Known from the Early Jurassic of Arizona (196-183 mya), Kayentatherium was part of a group of cynodonts called tritylodontids – very close cousins of the true mammals, specialized for herbivory. They had strong jaw muscles, large incisors, and grinding cheek teeth, an arrangement convergently similar to modern rodents, and were some of the latest-surviving non-mammalian synapsids, persisting into the Early Cretaceous.
Kayentatherium was one of the larger tritylodontids at just over 1m long (3′3″), and appears to have been semi-aquatic, with oar-shaped hindlimbs and a flattened beaver-like tail. Although not the first non-mammalian synapsid to be interpreted as a swimmer, it was the earliest close relative of the true mammals to develop these sorts of adaptations.
It was adapted for fast running, with long legs and only a single horse-like hoof on each foot – but it was even more one-toed than modern horses are, having no remaining “splint bones” from vestigial side toes.
Partial remains of about seven different Shringasaurus individuals of varying ages have been found, with several of them having large curving horns over their eyes convergently similar to those of the later ceratopsids. A couple of adult specimens lack horns entirely, suggesting the feature was sexually dimorphic with only the males developing ornamentation – a very rare arrangement among archosauromorphs, but similar to some horned mammals.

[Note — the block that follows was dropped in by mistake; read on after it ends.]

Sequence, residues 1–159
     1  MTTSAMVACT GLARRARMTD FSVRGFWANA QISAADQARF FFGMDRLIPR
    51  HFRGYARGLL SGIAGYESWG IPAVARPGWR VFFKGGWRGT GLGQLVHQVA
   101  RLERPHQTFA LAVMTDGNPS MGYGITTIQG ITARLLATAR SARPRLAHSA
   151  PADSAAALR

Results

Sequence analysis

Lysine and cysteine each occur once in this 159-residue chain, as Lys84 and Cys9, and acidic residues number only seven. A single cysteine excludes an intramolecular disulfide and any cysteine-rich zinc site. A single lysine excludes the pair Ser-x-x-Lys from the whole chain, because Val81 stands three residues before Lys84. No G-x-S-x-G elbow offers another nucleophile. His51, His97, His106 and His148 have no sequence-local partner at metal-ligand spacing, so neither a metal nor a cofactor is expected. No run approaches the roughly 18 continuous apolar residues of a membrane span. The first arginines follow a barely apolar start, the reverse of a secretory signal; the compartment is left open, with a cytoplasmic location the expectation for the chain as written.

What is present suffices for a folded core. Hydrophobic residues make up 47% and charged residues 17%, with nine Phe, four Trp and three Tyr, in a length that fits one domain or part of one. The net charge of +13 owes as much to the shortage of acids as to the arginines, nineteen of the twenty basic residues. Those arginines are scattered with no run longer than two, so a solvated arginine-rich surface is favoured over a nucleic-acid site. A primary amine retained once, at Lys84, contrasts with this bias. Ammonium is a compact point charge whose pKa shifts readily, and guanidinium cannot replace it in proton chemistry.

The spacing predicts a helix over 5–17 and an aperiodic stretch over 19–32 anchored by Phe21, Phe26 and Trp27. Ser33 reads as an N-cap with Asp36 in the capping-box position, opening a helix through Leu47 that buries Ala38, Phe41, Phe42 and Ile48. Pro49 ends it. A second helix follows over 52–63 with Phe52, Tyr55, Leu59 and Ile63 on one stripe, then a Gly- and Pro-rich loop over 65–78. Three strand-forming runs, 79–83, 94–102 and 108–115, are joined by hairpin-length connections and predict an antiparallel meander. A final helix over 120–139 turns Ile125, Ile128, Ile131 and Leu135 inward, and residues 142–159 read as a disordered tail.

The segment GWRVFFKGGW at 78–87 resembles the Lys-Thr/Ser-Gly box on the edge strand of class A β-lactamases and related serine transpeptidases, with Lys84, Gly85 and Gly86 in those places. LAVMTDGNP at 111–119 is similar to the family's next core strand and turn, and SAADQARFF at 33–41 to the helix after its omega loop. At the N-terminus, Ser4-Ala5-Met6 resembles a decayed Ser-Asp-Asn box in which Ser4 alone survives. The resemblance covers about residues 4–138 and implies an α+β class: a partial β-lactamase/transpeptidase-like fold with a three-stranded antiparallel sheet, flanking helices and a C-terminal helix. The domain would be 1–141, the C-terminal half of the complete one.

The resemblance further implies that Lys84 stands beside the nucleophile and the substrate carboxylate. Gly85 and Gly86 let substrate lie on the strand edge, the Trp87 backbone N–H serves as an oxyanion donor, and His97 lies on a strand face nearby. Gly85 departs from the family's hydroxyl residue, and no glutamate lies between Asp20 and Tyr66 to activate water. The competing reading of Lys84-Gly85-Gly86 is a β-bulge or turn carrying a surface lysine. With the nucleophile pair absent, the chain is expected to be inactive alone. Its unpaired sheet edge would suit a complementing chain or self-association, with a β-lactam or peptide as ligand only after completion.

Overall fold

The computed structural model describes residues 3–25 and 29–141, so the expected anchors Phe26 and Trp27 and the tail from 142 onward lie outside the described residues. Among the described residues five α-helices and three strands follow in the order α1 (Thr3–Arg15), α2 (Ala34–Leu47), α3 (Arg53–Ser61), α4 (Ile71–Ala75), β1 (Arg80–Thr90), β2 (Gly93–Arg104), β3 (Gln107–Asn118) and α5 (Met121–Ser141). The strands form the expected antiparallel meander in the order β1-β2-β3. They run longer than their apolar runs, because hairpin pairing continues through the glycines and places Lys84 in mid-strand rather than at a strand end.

Potanichthys xingyiensis, a fish from the Middle Triassic of China, living around 235-242 million years ago.Measuring about 15cm long (6″), it was one of the oldest known fish capable of aerial gliding – possessing a “four-winged” body plan with enlarged pectoral and pelvic fins, and an asymmetrical tail with a long lower lobe. It was also almost completely scale-less, which may have helped to reduce drag and make it more aerodynamic.
Bathornis grallator, a flightless bird about 75cm tall (2′6″) from the Late Eocene and Early Oligocene of Midwestern USA (~37-34 mya).
It was originally mistaken for a long-legged vulture (under the name Neocathartes) when first discovered in the 1940s, but later studies have shown it was actually one of the smaller members of the bathornithids – close cousins of the more well-known South American “terror birds”, successfully occupying terrestrial predator niches alongside large carnivorous mammals.